At that time, Andrea was a social animal.  She had a fake ID.  She drank with her sorority sisters and frat brothers.  She wore brand new clothes from Express and made herself up just to go out and drink at the bar.  Her hair alone took her over an hour to get ready.  A far cry from me, who didn’t shave, had long hair, and scared away a group of Jehova’s Witnesses when I answered the door in my Hendrix t-shirt with my Strat hanging off my shoulder.

The night I realized what I was missing is actually burned into my consciousness, and I almost blew her off.  March 29th, 1991.  I remember, because I had volunteered to work late with a colleague because both of us wanted to sit in the Newsroom and watch the George Foreman/Evander Holyfield fight without paying for the pay-per-view.  By the time the fight had hit hard and heavy it was becoming clear it wasn’t the fight of the century that the hype had led us to believe.  About midway through the newsroom phone rang.  That was unusual, understand, because we were a 6pm only newscast and the newsroom was usually vacant so calling that late would only happen if someone from the town was clueless or someone knew we were there.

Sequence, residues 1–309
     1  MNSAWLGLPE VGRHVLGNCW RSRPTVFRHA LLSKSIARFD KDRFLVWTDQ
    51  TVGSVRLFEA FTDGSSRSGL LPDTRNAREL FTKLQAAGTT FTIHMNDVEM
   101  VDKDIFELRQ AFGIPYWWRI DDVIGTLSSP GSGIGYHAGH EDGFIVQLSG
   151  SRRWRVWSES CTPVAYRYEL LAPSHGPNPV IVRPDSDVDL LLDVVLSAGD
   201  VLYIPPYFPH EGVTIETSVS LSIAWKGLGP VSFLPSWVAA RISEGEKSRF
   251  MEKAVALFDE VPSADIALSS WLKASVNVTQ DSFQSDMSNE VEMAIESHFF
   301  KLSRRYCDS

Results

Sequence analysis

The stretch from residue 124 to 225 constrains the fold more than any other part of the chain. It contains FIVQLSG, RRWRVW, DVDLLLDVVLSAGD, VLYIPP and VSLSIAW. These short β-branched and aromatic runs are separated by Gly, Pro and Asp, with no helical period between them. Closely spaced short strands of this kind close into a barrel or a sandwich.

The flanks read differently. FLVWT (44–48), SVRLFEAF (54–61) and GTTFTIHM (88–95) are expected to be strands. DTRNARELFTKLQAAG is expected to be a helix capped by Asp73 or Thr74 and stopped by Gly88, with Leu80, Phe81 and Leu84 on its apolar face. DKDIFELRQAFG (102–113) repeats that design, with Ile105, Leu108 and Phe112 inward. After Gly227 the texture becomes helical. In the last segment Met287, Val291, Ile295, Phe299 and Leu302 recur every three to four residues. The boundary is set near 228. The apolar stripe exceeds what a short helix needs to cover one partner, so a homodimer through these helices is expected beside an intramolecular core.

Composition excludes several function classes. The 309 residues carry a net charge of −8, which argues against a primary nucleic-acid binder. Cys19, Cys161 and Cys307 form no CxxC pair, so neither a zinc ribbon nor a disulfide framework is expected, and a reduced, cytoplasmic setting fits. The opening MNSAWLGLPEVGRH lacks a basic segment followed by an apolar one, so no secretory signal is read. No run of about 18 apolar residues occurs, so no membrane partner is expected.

Andrea had gone out drinking with her friends and had actually asked my colleague to come along.  Not me, a colleague.  I didn’t mind, though I was a hair jealous but loathe to admit it.  When I answered it was her, already having had a few, asking if the fight was over.

“…all but over, I suppose.  Not as amazing as we thought,” was my reply.

“Why don’t you come with us?” was her answer.  I knew I wasn’t the first choice, so I said so: “you mean _____.  I can see if he wants to come have a drink.”

“No . . . why don’t you both come?  I’m talking to you, not him.”

My colleague (who I’m not naming because I don’t want to put names that are not family in this blog) was watching me as I had the conversation.  I asked him if he wanted to go.